Relax Canada Homan have the house back in order


After a three straight losses to kick off the Olympics, women’s curling team finds its game again with a lopsided victory over the United States.

PYEONGCHANG, SOUTH KOREA After approximately 28 baffled and soul-searching hours, the great Canadian curling crisis of 2018 is over. It must have been a tense day in the Tim Hortons lines of the nation; it must have been, like watching CNN these days, an unfolding disaster enjoyed from the comfort of your couch.

But everyone can exhale. After three straight losses to open their Olympic debut, Rachel Homan and her suddenly shaky rink blasted the Americans to bits, 11-3 in seven ends. Everything’s OK again, for now. Return to your homes.

“How are you?” someone asked Homan.

“Better today,” she said, cool. “You?”

It was a bad few days. Extra-end losses or not, burned rock controversies or not, getting chirped by the Danes or not — when Canada is being credibly chirped by the Danes at the curling, you know something’s going wrong — they needed this game. The U.S. wasn’t bad. Canada had been, just enough.

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Which was weird. Homan, 28, is the youngest Canadian skip with three national titles. Between the 2017 Scotties, 2017 world championship and the Olympic trials, this rink went 34-3. Next thing you know they had losses to Korea and the Danes, and Danish skip Madeleine Dupont called them afraid to lose. Homan was throwing rocks that seemed a little lost. Decisions were being questioned. The team’s coach said he had no idea what was going on.

“I’ve had it go off the rails many times,” said the CBC’s Colleen Jones, owner of two world championships and six national championships. “When I would lose my game, I wouldn’t know where it was going, and my fallback was just I would hit everything.

“It’s all in the head. It’s always in the head. It’s never a comfortable place to be at. But this is a team, they’ve been so great, sometimes you’ve got to go through the firs a bit in order to learn how to rally out of it. And I have no doubt they’ll rally out of it. Because great teams find a way.”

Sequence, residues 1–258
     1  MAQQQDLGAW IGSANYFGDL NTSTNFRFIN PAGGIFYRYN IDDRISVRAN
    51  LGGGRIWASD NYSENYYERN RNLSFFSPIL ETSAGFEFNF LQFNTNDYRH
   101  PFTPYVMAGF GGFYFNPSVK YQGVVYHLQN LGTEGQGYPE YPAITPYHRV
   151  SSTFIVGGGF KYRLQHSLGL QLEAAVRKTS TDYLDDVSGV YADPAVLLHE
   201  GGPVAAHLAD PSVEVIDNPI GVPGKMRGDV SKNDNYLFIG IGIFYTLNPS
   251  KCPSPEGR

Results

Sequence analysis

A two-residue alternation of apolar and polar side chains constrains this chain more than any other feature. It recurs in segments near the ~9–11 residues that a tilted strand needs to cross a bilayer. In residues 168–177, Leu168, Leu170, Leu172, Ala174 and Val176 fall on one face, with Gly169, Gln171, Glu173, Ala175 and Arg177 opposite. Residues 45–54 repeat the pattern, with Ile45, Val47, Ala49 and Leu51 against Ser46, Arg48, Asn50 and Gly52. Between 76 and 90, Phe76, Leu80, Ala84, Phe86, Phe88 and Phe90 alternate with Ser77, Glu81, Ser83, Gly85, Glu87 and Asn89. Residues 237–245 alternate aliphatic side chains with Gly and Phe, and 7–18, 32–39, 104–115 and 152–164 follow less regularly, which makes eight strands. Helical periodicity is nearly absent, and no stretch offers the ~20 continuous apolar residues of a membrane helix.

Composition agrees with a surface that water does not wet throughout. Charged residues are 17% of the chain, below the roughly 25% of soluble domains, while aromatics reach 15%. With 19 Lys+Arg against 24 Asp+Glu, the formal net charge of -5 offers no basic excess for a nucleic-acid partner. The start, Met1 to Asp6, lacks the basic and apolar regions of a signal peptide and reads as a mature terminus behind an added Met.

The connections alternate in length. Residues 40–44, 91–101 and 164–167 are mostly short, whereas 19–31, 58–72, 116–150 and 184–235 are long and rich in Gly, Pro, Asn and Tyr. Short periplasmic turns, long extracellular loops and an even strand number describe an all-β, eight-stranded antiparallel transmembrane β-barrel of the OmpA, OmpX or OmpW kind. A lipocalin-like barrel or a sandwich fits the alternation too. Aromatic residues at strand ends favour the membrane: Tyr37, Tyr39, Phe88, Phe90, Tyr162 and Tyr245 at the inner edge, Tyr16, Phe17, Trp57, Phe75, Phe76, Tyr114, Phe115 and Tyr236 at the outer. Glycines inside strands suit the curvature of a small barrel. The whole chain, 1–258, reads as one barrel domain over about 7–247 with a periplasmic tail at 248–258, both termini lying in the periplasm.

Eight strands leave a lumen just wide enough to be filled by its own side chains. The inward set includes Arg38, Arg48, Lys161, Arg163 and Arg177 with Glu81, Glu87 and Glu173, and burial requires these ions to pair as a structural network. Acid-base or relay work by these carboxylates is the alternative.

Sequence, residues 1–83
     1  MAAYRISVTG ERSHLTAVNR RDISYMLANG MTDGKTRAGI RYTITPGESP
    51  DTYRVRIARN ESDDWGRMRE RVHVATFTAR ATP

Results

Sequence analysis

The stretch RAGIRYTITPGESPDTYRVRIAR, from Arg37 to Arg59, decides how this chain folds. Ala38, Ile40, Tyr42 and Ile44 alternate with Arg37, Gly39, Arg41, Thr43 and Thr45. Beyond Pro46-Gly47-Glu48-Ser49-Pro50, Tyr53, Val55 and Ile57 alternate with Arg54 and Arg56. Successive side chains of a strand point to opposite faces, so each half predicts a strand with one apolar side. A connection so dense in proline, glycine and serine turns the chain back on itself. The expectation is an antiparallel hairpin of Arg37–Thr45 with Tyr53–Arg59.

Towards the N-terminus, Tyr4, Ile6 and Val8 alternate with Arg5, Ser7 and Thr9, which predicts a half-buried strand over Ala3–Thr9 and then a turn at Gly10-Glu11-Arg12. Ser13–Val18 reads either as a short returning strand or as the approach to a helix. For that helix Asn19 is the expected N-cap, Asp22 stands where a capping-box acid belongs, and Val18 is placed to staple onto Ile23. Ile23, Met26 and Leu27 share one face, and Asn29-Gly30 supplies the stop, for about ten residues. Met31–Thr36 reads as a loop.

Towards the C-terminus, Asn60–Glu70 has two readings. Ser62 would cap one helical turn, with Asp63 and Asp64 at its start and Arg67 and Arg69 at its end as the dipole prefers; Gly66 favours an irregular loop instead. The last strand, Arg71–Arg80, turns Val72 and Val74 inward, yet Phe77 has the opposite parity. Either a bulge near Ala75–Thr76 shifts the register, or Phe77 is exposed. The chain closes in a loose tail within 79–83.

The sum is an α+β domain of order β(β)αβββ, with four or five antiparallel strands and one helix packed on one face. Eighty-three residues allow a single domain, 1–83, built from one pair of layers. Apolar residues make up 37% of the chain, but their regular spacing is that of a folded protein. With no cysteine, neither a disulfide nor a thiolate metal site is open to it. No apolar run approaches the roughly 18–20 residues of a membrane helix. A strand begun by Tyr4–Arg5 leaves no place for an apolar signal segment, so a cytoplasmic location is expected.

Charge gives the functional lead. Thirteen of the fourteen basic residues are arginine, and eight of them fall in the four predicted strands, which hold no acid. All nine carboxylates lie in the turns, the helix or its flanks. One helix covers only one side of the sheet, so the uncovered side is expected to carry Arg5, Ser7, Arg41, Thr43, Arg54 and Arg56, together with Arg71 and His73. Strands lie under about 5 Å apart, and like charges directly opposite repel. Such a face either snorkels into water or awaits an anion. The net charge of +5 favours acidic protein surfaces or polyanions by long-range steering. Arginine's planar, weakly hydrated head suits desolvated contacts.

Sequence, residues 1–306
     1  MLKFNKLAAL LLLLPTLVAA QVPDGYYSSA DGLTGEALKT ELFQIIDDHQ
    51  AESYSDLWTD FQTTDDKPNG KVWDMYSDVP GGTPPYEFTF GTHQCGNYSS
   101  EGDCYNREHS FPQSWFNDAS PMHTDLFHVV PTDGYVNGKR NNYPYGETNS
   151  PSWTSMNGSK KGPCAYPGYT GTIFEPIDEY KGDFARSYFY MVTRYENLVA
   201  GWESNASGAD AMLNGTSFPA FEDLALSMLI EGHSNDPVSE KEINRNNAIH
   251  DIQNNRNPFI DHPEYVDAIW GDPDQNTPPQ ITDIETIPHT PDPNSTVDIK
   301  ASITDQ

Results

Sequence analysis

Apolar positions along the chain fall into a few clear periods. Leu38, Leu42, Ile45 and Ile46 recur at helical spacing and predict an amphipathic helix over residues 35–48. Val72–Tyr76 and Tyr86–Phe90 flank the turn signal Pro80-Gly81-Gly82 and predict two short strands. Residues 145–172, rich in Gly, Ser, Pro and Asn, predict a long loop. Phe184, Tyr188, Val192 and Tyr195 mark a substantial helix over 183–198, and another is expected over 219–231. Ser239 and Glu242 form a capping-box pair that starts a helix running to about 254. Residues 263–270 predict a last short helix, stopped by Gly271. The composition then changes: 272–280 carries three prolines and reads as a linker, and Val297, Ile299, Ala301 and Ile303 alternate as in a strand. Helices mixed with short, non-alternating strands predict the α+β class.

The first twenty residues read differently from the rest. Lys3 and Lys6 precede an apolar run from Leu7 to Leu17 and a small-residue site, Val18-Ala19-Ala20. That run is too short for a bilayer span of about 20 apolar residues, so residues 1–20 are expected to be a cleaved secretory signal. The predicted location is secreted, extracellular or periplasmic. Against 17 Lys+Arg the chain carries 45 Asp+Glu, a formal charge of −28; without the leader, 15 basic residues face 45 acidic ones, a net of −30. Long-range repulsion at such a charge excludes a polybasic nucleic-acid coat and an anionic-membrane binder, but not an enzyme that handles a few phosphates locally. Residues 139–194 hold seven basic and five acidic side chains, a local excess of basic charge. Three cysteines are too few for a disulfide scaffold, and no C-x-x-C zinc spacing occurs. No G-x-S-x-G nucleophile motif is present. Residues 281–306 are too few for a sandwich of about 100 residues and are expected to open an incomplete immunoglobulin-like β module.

And then Canada came out and stomped the Americans, ruthless as Godzilla. In fairness, it did help that the Americans absolutely honked it. Skip Nina Roth sailed a rock between two Canadian stones in the first on a double takeout, and then came up short on a draw. 3-0, Canada, and they destroyed them from there.

“We just had some unfortunate misses in the first end,” said Roth, tight-lipped. She wanted to put pressure on a struggling team, make them make shots. And then, well . . .

“They’re the best women’s hitting team in the world,” she said. “So.”

But Homan also curled at 96 per cent, Emma Miskew at 98, Joanne Courtney at 93, Lisa Weagle at 88. They were destroyers of worlds. So Canada is back, fixed. Right?

“I think the excitement and the potential panic buttons that people were hitting — it’s valid, it comes with sport — but last night was a really meaningful night,” said coach Adam Kingsbury. “We had some really great conversations today with the team. Sometimes there are those critical periods in a team’s history where they can come together or they can split apart.

“I’ve never, in the three-and-a-half years I’ve known them, I’ve never seen them have such real, authentic conversations like they did today. And they were different. As we could see. Forget the scoreboard, they’re different people out there today. I’m just so proud of them. It was such a pleasure to watch them play today.”

The players didn’t say what they talked about: they just evinced relief.

“We have to remember that we’re still a team, we’re still really great curlers out there,” said Miskew. “We don’t need to do anything special. We just need to be ourselves. It’s not like we’re crashing and burning.”

They could have, though. No Canadian rink had lost more than three games in the Olympic round robin since 1998.

“I wouldn’t call it panic,” said Kingsbury. “As I said, I would call it really feeling for them. Seeing a team that wanted nothing more than to go out and play well and represent their country, and be that team that they know they can be. But sometimes when you try really hard to be a certain way, it has inadvertent consequences.”

He talked about how they saw their families Friday night, have stuck together as friends, how they had to show vulnerability to each other, how they play cards and watch TV together — the Bachelor or the Bachelorette, he was not sure and how “they’re making sure that the one thing that doesn’t happen is breaking down as a unit.”

They need five more wins. This can still go sideways. But for now, cancel the Royal Curling Commission — Should we make them play cross-ice, develop more skills?— and stop worrying. Rachel Homan and her rink are killers when they’re not trying too hard, worried and doubting, throwing rocks into the universe without knowing where they’ll land. The mixed doubles gold in the first year of the sport at the Olympics showed a couple things. One, jazzing up curling may make even ardent diehards feel like the game as it stands now can become an ice age thing.